NEC Versa M160 review

Price when reviewed

The introduction of Intel’s Core 2 Duo for notebooks is good news for those on a budget. With one more chip on the market, it’s likely prices will come down at the lower end too. This month, both Toshiba and NEC show us what they can do for under £400 and, while the specifications are similar, it’s a different story when it comes to the overall package.

NEC Versa M160 review

NEC’s choice of a 15.1in diagonal and resolution of 1,280 x 800 TFT is a sensible one, but compared directly against the Toshiba Satellite Pro A120 it’s immediately clear that it’s an inferior screen. Vertical viewing angles are so narrow that as soon as you move your head, you’ll see the horrible darkening or lightening indicative of a budget panel, and it was a constant annoyance during testing. When viewed head-on, its colour handling was actually quite good, but the restricted viewing angle made watching films or sifting through pictures a lacklustre experience. It’s also poor at displaying moving images, with very noticeable lag whether moving the pointer on the Desktop or viewing video.

At 2.9kg, the M160 is fine for the occasional trip, but our next disappointment was with battery life. NEC claims it’s capable of running for five hours away from a power source, but even the lesser of our tests saw it failing in less than half this time. Whereas the A120 managed a reasonably respectable 2hrs 30mins, the 1hr 40mins of this notebook makes it all but impossible to rely on as a travelling companion. The claims are based on use when in the ECO mode, which halves CPU speed to 700MHz to save power consumption. Unfortunately, this feature didn’t work on our review sample, but it’s unlikely this alone would have a stunning impact, and would also mean a notable reduction in speed.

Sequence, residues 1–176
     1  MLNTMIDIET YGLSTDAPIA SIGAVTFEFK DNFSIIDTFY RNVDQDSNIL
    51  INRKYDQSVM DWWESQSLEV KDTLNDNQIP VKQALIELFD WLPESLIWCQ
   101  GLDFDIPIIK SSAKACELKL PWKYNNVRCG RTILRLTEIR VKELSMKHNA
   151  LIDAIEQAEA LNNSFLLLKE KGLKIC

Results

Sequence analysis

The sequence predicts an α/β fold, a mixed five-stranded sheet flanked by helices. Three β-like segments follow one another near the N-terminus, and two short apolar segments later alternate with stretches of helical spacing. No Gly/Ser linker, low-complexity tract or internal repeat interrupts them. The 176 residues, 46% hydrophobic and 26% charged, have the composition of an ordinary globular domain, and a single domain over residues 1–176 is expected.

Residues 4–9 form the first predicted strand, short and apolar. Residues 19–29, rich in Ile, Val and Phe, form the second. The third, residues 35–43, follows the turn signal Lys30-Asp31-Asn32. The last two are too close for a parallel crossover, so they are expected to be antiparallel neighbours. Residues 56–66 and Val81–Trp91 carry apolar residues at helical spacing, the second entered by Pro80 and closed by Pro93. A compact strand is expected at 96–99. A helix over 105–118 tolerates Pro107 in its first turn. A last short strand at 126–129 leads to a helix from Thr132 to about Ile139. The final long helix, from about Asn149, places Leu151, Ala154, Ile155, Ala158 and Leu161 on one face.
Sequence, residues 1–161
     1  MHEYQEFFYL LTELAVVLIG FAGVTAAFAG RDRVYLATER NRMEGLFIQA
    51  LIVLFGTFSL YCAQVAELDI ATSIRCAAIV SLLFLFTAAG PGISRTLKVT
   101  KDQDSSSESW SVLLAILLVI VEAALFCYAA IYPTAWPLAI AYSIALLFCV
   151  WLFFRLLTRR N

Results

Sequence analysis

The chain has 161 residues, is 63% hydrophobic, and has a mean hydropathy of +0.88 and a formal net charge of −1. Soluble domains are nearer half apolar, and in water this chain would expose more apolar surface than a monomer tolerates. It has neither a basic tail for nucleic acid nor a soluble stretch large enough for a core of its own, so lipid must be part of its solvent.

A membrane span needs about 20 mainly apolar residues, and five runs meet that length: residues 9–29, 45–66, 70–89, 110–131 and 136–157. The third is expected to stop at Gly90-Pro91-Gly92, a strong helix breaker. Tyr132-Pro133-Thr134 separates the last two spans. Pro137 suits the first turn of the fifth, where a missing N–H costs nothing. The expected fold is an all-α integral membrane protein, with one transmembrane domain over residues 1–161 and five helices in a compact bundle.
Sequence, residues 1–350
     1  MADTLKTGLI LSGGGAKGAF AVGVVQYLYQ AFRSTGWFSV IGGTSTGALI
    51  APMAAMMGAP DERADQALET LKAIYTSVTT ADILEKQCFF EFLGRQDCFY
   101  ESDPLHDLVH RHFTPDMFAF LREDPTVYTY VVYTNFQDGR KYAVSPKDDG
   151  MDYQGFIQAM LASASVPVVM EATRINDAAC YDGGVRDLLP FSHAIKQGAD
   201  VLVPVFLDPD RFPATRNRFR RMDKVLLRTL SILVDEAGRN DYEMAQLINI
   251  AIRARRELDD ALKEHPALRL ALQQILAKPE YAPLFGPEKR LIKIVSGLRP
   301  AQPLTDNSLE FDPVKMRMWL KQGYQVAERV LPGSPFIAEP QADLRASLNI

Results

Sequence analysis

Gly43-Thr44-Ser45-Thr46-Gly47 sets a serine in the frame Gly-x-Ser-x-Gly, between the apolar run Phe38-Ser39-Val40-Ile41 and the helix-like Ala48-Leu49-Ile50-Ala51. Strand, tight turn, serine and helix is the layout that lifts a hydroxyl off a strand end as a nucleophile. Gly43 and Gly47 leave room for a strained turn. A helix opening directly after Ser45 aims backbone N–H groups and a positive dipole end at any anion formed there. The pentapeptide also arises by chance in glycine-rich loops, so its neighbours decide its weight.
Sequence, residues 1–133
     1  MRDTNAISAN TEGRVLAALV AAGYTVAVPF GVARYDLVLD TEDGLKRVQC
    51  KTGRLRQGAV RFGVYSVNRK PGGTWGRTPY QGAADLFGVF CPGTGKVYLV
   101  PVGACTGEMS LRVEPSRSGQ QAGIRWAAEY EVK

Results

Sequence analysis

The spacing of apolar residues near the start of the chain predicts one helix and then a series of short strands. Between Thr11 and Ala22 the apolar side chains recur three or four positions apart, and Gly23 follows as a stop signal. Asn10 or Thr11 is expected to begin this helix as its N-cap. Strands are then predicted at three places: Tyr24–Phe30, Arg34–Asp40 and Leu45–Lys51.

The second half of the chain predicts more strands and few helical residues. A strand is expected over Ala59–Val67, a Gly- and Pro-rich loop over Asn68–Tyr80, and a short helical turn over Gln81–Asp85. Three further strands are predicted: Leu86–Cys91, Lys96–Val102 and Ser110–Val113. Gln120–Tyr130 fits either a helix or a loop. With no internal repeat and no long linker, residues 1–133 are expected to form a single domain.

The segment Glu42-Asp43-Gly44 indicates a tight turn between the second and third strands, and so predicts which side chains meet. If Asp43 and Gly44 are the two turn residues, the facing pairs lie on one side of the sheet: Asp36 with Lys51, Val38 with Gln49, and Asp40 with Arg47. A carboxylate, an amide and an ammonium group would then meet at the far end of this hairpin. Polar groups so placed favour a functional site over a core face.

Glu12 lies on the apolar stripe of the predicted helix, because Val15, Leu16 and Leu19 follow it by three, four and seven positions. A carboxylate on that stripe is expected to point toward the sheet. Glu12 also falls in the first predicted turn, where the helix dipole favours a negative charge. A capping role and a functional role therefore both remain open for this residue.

In normal mode, the Celeron M 410 will be working at its top speed of 1.4GHz. It’s up to tackling most tasks, including those in our gruelling Real World Benchmarks, although our tortuous multi-application test left it stretched. The real problem, though, is the paltry 256MB of RAM onboard (shared with the Intel GMA 950 integrated graphics) – it just isn’t enough to keep even single applications and Windows XP running smoothly. With so many disk read/writes to the page file forced by the lack of free RAM, our benchmark score of 0.53 compares poorly to the respectable 0.63 of the Toshiba.

The one redeeming feature for the M160 is its excellent keyboard, which is satisfyingly comfortable to use: the keys are firm and lack the rattle that plagues so many budget notebooks. Unlike the Toshiba, it stretches across the whole chassis allowing for slightly larger keys, as well as a numeric keypad. The layout is a little frustrating, with the Delete key being at the base near the cursor keys, for example, but it’s a minor complaint. By comparison, though, the Toshiba keyboard is only a small step down in quality and still perfectly serviceable.

There’s another marginal win for the M160 when it comes to the ergonomics of port arrangement, with a USB port easily accessible on the left-hand side. The Toshiba has all its ports at the rear to accommodate its uniquely housed motherboard. On the NEC, there’s one more well-placed USB port to the left, which is joined by a Type II PC Card slot. The rear of the M160 houses the other two USB ports, plus serial, D-SUB and a 10/100 LAN port. But once again, the Toshiba goes one better by matching that and adding a slot for SD/MMC cards.

The M160 can’t compete with general build quality either: it’s made of a cheap-feeling plastic that sounds hollow when tapped, whereas the Toshiba has a smoother, more solid finish and a generally thicker construction. Neither is rugged by any means – there’s too much flex in chassis and lid on both – but the Toshiba inspires far more confidence. The M160 can’t even distinguish itself when it comes to warranty, with both offering a basic one year of collect-and-return cover.

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